For us a round needs to perfectly combine drama, excitement and action, but it needs to stand on it's own as a round. What comes before it and after it are irrelevant. It's that round in isolation that matters.
Rounds that mix everything are few and far between, but we had a number that really had the drama, excitement and action that we needed.
The winner, in the end, was round 2 of the surprisingly amazing war between Junpei Tsujimoto and Daiki Ogura. This was just crazy from start to end and it swung one way and then the other.
The round started at a good pace, with a nice back and forth, but before long Tsujimoto was hurt, badly, by a left hook from Ogura. His legs stiffened and Ogura went in for the finish dropping Tsujimoto. Tsujimoto recovered to his feet but was rocked again and seemed in all sorts of trouble, despite doing all he could to clear his head and spoil the action before returning fire. His fate looked sealed before he landed a huge right hand with 20 seconds of he round remaining to stop Ogura.
The bout may not have been the cleanest action, it may not have had the big names, but it had everything we want to see. It had action, excitement, both men being hurt and a fantastic finish.
We may have had higher quality rounds through the year but no round left us feeling like we'd seen a movie scene quite like this one. Amazing round, amazing comeback.
Also up for this award were:
Zixiang Wang vs Mukhammadiso Zokhidov - Round 2 (A crazy round with Wang being dropped, Zokhidov being deducted a point and then Zokhidov being dropped)
Takuma Takahashi vs Leonardo Doronio - Round 3 (A thrilling round that saw Doronio dropped, Takahashi lucky not to be deducted a point, Doronio coming back to hurt Takahashi, Doronio being rocked again, Takahashi being cut and Doronio then being dropped and stopped)
Satoshi Shimizu vs Kyohei Tonomoto - Round 1 (A bizarre round where Tonomoto easily out boxed Shimizu in front of an empty Korakuen Hall, but was dropped twice in a round that didn't seem to make much sense but was fantastic to watch)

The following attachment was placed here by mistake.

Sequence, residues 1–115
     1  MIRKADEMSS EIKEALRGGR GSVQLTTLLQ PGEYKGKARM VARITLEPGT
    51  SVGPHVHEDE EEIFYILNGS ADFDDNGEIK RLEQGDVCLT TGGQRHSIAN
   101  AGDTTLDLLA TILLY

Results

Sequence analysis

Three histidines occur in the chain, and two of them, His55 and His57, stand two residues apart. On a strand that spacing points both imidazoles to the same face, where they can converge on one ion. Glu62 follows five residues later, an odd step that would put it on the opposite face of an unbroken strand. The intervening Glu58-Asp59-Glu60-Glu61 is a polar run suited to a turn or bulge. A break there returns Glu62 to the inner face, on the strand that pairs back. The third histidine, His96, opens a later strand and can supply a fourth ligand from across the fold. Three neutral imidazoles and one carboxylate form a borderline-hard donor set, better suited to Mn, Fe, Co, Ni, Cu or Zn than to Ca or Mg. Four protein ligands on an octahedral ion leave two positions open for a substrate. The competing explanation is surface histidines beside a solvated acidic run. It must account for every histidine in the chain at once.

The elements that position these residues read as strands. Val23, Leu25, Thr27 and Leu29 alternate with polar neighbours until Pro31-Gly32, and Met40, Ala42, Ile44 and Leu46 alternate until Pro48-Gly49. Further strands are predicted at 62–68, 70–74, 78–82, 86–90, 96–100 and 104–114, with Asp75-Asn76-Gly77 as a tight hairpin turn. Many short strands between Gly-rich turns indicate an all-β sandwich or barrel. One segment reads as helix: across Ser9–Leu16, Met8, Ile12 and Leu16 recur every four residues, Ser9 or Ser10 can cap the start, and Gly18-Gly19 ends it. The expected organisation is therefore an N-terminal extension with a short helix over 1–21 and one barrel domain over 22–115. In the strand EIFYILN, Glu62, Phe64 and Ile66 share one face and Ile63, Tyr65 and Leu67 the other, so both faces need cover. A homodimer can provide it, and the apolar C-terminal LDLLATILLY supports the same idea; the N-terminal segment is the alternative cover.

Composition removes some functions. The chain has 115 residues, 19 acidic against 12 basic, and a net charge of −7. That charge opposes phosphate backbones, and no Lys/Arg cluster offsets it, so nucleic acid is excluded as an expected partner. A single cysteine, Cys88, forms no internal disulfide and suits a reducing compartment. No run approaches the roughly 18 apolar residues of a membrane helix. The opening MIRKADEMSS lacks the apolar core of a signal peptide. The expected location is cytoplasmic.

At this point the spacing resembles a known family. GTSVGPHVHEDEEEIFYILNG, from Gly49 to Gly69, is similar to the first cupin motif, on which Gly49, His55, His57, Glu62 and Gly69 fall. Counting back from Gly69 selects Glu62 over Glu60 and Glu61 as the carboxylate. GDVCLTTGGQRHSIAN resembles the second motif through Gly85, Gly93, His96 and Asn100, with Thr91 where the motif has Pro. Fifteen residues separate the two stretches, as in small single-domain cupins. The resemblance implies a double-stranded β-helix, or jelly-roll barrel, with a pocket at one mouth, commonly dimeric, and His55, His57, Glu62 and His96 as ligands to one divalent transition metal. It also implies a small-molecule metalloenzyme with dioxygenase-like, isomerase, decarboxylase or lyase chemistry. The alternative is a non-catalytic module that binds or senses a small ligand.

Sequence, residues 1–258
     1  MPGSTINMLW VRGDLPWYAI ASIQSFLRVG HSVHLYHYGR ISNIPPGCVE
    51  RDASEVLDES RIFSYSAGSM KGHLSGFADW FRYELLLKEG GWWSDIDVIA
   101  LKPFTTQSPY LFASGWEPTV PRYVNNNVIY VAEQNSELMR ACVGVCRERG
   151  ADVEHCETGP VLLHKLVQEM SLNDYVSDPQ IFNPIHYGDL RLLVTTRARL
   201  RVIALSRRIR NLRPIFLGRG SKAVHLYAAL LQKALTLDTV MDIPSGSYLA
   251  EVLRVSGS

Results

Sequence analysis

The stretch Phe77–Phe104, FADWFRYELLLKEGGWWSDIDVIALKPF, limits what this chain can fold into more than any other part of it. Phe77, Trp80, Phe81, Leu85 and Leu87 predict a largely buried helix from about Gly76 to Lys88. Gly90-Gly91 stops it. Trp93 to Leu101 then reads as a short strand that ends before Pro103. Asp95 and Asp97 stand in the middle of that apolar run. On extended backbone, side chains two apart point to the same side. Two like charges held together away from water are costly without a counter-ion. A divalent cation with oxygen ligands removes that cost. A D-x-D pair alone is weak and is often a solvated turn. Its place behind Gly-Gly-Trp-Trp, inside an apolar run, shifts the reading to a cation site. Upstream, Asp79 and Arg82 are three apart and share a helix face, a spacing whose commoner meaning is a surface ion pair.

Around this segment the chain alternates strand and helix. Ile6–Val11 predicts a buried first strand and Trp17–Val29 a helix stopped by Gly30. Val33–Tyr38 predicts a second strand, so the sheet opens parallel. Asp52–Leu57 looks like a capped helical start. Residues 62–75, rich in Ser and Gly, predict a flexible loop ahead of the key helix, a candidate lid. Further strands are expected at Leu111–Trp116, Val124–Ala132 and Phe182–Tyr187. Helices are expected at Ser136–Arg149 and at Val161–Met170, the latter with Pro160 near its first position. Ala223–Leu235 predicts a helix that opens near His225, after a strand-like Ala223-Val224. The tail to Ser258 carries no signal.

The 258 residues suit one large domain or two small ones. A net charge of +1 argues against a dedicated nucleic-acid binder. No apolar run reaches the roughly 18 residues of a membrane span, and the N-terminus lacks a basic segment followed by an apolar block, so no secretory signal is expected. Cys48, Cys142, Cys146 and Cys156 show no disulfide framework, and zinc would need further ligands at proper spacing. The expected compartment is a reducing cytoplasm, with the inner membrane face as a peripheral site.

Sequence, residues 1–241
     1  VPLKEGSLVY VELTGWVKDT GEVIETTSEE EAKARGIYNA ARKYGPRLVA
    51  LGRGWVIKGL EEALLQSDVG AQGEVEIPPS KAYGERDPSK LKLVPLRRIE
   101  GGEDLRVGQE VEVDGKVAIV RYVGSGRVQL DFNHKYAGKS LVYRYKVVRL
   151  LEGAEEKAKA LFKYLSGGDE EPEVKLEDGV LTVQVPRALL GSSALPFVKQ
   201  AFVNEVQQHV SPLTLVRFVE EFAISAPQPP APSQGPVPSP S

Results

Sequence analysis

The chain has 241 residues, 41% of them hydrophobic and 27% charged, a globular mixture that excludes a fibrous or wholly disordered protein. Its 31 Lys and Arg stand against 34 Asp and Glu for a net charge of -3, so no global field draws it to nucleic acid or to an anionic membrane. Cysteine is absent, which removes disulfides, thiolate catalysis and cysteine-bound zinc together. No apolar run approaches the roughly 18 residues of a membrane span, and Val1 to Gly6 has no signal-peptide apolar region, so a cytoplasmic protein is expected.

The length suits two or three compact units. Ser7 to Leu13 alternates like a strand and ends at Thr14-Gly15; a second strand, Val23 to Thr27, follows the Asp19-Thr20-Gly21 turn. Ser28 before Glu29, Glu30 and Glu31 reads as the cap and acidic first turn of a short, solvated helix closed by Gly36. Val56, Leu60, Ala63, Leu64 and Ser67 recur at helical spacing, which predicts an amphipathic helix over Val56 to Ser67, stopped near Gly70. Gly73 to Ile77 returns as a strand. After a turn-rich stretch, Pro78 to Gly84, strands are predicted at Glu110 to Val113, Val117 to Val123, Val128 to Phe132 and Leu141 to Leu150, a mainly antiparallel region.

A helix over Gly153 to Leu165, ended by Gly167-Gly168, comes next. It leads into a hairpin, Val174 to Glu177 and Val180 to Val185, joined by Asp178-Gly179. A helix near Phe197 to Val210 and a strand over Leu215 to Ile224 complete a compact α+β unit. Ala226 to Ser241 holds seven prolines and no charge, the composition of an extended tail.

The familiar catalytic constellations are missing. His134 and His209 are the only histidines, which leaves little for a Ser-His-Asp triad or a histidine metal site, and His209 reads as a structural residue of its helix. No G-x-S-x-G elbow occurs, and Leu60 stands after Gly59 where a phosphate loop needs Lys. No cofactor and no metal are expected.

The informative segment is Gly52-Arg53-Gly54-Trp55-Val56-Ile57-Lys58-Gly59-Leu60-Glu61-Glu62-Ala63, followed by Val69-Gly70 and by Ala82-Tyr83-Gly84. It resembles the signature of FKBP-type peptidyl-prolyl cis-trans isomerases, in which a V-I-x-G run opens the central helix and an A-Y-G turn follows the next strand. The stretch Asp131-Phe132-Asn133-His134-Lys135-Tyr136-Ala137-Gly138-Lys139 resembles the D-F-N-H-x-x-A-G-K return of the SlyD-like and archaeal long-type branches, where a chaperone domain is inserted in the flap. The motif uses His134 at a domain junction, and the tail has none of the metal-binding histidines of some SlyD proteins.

Under-card results from Tokyo!
Later today at Korakuen Hall we'll see Junto Nakatani (20-0, 15) [中谷 潤人] and Giemel Magramo (24-1, 20) battle for the vacant WBO Flyweight title, in a highly anticipated bout between two young and talented fighters each looking to leave their mark at the highest level.
Prior to that bout there is a 4 fight under-card split essentially into 2 parts. That under-card features 3 low level bouts, shown exclusively on G+, and then a more notable bout shown on both G+ and BS NTV.
As we write this the first part of that under-card is over, and really didn't last very long leaving a lengthy break in the broadcast, that G+ have decided to fill with highlights from Nakatani's bouts.
The show kicked off with an East Japan Rookie of the Year semi-final bout at Middleweight, with Teiken promoted Kenji Yoshino (2-1, 2) [吉野 健二] taking a 2nd round TKO win over Taiga Ito (3-2) [伊藤 大賀], with the two men meeting for the second time. In their first bout Ito had beaten Yoshino and today Yoshino got revenge, landing a sensational left hook towards the end of the second round.
A second Rookie of the Year bout was at Lightweight, where the hard hitting Hiromasa Urakawa (6-1, 4) [浦川 大将] took a technical decision in a very sloppy fight with Toshiki Tanaka (2-3) [田中 利樹]. This was messy from the off, and ended early in round 3 with Urakawa suffering a nasty cut from a head clash. He won on all 3 cards, but things were easy for him.
The third, and final bout of the first part of the show saw Junpei Tsujimoto (7-2-3, 5) [辻本 純兵] defeat Daiki Ogura (4-4-1, 4) [小倉 大樹] in a 2 round thriller. Ogura couldn't miss with his left hook, and seemed to take the first round, before dropping Tsujimoto in round 2. Tsujimoto was all over the place following the knockdown down as Ogura went for the kill and continued to land left hooks over and over. He seemed on the verge of a stoppage, and then got blasted himself by a huge right hand that seemed to be thrown in desperation by Tsujimoto. This was dramatic, exciting, and such a huge turn around. This was the one bout of the under-card that was actually worth watching.
As we write this we're set to get the second part of the under-card, which will see Juiki Tatsuyoshi (13-0, 9) [辰吉寿以輝] battle Kazuhiro Imamura (2-0, 1) [今村和寛] in a very interesting looking 8 round bout.
Earlier today at Korakuen Hall we had the second Dynamic Glove show of the year and it was an event with very mixed fortunes for Teiken fighters, as fans at the Hall and on G+ found out.
The show began with Shinta Aihara (3-5) [藍原 伸太], one of the 7 Teiken fighters on the card, losing a clear decision to KC Prachanda (4-2-1, 3) [KC プラチャンダ]. Prachanda won every round and dropped Aihara at the very end of the 4th round to secure the win.